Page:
...commissioned a massive granite monument to the Ten Commandments to be placed in the Alabama State Judicial Building. (Moore actually copyrighted the monument’s design.) The ACLU and other civil liberties groups brought suit, arguing that the monument violated the Establishment Clause. In 2003, a federal judge agreed, ordering the Decalogue removed. Moore refused—and was swiftly removed from office by Alabama’s judicial ethics panel.
That was in 2003 and Moore's future prospects looked dim. But as we've learned, in the conservative cosmos, if you just hang around long enough, you'll often get another chance. And so it was for Moore, who ran for Chief Justice last year, won that race, and last Friday in Montgomery was sworn back into his old office nine years later. Not everyone is thrilled by Moore's return.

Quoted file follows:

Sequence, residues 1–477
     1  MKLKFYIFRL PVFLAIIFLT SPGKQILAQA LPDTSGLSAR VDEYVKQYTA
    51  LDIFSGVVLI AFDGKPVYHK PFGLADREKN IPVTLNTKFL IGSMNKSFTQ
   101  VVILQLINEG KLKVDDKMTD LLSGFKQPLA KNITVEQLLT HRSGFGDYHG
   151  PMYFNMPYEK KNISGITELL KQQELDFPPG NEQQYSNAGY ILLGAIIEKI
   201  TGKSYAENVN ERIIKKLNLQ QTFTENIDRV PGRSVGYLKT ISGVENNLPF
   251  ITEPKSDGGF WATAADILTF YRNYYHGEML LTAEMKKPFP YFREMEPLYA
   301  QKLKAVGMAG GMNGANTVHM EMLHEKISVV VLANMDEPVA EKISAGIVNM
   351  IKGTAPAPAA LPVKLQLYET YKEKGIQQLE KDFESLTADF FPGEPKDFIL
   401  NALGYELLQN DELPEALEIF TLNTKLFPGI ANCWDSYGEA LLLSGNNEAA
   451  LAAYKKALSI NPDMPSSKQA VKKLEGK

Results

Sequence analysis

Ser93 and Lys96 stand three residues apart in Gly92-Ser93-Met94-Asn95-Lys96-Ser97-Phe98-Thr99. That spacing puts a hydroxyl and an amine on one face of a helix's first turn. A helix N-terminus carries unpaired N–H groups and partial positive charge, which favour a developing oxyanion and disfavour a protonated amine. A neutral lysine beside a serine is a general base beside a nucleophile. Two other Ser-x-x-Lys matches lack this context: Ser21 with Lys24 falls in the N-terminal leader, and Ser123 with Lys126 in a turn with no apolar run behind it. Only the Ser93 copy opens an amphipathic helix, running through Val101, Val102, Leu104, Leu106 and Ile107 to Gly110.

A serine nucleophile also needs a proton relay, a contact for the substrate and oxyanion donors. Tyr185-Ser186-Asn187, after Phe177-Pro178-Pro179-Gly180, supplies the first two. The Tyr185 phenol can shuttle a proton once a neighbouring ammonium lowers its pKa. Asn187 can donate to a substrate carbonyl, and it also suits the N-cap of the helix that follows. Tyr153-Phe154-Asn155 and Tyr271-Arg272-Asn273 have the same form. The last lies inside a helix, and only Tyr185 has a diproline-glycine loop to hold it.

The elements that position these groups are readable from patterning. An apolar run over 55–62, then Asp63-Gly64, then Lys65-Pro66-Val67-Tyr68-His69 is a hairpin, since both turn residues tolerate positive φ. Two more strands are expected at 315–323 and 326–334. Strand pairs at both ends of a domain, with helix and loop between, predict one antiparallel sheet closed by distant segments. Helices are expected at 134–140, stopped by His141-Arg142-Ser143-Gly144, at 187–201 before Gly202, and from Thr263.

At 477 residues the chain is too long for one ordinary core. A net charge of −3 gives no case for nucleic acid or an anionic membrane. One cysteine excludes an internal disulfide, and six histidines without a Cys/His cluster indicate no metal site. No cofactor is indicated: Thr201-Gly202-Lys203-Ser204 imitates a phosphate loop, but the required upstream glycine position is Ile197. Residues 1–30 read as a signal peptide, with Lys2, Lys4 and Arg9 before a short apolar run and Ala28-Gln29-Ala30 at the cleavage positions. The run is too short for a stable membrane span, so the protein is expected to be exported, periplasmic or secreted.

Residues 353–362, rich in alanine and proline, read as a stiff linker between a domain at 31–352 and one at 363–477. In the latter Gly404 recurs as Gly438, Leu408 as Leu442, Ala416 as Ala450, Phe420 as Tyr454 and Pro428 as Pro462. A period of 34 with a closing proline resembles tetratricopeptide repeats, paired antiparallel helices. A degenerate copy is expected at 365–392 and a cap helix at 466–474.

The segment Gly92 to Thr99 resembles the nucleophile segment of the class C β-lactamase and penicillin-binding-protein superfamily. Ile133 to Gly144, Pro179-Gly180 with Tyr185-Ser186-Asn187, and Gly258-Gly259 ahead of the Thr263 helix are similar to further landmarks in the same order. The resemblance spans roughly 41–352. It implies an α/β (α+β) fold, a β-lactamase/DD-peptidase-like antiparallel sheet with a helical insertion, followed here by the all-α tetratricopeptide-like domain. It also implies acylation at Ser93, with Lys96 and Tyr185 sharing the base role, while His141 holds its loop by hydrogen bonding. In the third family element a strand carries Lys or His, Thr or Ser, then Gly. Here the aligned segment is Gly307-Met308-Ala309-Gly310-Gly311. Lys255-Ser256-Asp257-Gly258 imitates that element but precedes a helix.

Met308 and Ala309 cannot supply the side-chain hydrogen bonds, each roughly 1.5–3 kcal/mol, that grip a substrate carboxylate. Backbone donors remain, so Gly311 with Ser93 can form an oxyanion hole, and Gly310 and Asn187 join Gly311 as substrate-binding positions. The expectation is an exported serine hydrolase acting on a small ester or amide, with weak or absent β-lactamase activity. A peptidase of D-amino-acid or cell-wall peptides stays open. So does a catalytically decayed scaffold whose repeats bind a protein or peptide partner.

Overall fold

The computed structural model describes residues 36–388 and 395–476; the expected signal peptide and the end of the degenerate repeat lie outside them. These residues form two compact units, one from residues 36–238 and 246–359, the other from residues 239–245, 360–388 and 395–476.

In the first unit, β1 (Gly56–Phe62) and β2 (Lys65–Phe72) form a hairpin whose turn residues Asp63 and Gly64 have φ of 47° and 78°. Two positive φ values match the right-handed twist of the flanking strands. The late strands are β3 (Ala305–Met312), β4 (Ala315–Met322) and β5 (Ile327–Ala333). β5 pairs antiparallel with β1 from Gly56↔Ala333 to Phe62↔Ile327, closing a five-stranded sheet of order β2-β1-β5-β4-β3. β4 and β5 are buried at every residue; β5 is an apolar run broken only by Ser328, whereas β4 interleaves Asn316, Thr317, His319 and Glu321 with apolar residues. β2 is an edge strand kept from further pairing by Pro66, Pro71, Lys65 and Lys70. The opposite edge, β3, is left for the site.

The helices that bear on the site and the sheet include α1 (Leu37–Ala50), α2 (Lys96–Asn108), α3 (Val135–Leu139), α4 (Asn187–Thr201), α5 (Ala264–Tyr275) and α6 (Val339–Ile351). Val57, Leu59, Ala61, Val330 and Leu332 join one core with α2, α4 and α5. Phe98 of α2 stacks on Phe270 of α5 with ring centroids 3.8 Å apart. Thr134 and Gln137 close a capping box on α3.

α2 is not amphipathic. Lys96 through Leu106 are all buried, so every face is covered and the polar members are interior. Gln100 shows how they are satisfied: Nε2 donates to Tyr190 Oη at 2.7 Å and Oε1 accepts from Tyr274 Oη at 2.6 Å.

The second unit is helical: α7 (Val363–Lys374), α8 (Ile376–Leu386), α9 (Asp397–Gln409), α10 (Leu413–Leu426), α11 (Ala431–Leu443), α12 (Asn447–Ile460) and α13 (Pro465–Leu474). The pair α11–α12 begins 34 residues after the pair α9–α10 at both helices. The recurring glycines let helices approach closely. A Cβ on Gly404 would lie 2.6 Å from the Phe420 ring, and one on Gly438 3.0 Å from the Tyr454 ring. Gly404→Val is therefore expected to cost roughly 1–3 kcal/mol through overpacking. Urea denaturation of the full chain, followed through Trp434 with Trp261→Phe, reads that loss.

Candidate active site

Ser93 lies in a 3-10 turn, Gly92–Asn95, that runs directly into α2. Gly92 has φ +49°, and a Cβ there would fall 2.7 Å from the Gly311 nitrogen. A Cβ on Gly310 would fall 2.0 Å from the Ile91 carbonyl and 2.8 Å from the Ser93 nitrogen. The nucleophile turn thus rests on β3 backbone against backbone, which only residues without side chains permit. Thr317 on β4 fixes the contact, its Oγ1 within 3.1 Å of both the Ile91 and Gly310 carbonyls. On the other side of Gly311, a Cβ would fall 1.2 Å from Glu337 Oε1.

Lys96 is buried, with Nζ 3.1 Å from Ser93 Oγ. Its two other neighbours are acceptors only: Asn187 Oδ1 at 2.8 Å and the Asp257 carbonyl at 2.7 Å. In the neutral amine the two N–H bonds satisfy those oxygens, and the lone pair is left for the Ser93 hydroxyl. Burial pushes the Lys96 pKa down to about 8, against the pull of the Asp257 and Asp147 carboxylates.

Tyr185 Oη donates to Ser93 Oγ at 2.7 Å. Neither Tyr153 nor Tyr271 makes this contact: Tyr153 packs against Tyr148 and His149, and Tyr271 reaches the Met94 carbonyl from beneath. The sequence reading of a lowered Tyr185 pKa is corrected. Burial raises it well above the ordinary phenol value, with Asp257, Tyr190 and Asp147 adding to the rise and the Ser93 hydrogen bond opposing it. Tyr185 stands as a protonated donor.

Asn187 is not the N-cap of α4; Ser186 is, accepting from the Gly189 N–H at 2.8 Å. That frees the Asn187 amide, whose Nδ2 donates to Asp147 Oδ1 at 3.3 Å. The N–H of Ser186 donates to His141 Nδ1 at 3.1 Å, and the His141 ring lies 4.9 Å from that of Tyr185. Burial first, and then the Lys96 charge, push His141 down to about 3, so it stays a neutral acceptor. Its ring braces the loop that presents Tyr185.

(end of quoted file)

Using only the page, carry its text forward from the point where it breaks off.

Richard Cohen, president of the Southern Poverty Law Center, said Moore’s return to the court marked a sad day for the state. Cohen said he was concerned that Moore never admitted error on the refusal to follow the federal judge’s order to remove the Ten Commandments. “He’s unrepentant,” Cohen said. “He’s never said, ‘I learned a valuable lesson.’ Instead, he says he’s proud of what he’s done, despite the fact this his conduct was ruled to be a violation of the U.S. Constitution and the integrity of the state courts.”
“I’m proud to join this court. I think it’s a good court. I think this court is poised to make a difference, not only in our state but in our nation. Alabama has always led our nation. We've led in civil liberty, the restoration of civil liberty. We've led in religious liberty. We've led in state’s rights. And most recently, we've led in college football the last four years.”
BCS title, or no BCS title, the rest of America would like to know what "poised to make a difference" means. Roll, tide.